“We had to take him out because he wanted to keep going and he was having such a great time,” head coach Nathaniel Hackett said. “I think it’s great for him to be able to catch the ball and take a couple of pops. And you want him to want to stay in in those situations. For a guy that hasn’t played for as long as he has, it’s very encouraging and we’ll just build off of that.”  
The 5-foot-9 slot receiver will be counted on to be a productive member of the Broncos’ passing game this fall, particularly after the franchise lost Tim Patrick to an ACL injury earlier in training camp. Whether Hamler is truly at full speed and available when Denver goes to Seattle remains to be seen, but Saturday night can only be counted as a step in the right direction.
“I feel like I’ve answered that question and I feel like I’ve been knowing that I’m going to be ready,” Hamler said.
The Broncos, too, continued to get a productive preseason out of rookie receiver and return man Montrell Washington. Washington is a safe bet to make the 53-man roster on Tuesday when teams have to cut down from 80 mostly because of his ability as a punt and kick returner, but he’s pushing his way into the receiving rotation as well. That can only help, considering Denver has other receivers like Tyrie Cleveland who, if he makes the roster after missing several weeks with a throat injury, will do so primarily on the strength of his special teams contributions.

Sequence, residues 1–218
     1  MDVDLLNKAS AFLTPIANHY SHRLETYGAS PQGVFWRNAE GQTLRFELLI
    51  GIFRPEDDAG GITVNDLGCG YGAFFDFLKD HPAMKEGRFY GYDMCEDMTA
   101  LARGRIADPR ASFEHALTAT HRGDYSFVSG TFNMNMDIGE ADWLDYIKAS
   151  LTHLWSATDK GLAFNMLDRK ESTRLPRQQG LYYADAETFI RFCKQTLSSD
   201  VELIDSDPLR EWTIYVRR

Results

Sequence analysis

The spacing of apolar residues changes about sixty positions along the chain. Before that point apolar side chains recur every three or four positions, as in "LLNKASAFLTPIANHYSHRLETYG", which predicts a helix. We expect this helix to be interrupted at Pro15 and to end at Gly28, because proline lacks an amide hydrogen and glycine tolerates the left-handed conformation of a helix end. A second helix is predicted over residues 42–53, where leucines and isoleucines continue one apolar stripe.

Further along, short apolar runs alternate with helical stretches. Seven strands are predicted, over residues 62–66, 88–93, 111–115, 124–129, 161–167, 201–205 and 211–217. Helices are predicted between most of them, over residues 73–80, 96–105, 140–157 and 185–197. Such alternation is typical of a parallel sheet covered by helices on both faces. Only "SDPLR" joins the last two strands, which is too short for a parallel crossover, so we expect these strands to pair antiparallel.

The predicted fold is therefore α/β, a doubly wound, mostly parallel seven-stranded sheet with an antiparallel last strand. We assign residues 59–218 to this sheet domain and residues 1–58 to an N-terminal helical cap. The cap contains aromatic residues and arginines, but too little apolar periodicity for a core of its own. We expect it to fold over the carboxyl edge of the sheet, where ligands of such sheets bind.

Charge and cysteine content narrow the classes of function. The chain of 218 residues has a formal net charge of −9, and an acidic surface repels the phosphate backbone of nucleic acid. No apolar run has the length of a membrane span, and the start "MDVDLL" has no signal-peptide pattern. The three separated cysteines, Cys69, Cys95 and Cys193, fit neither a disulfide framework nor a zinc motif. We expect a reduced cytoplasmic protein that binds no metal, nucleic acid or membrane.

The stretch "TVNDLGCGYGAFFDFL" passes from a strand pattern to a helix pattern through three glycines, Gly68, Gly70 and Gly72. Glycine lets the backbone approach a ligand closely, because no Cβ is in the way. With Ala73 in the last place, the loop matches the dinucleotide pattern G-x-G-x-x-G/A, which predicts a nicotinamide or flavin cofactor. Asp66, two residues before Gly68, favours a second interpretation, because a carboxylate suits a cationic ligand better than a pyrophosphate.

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Washington played his college ball at FCS Samford, but in recent weeks has shown the ability to do a little bit of everything offensively, too. On Saturday, he took an end-around in for an 11-yard touchdown. Last week, he hauled in a tough, contested catch over the middle for a third-down conversion and absorbed a big hit while doing it.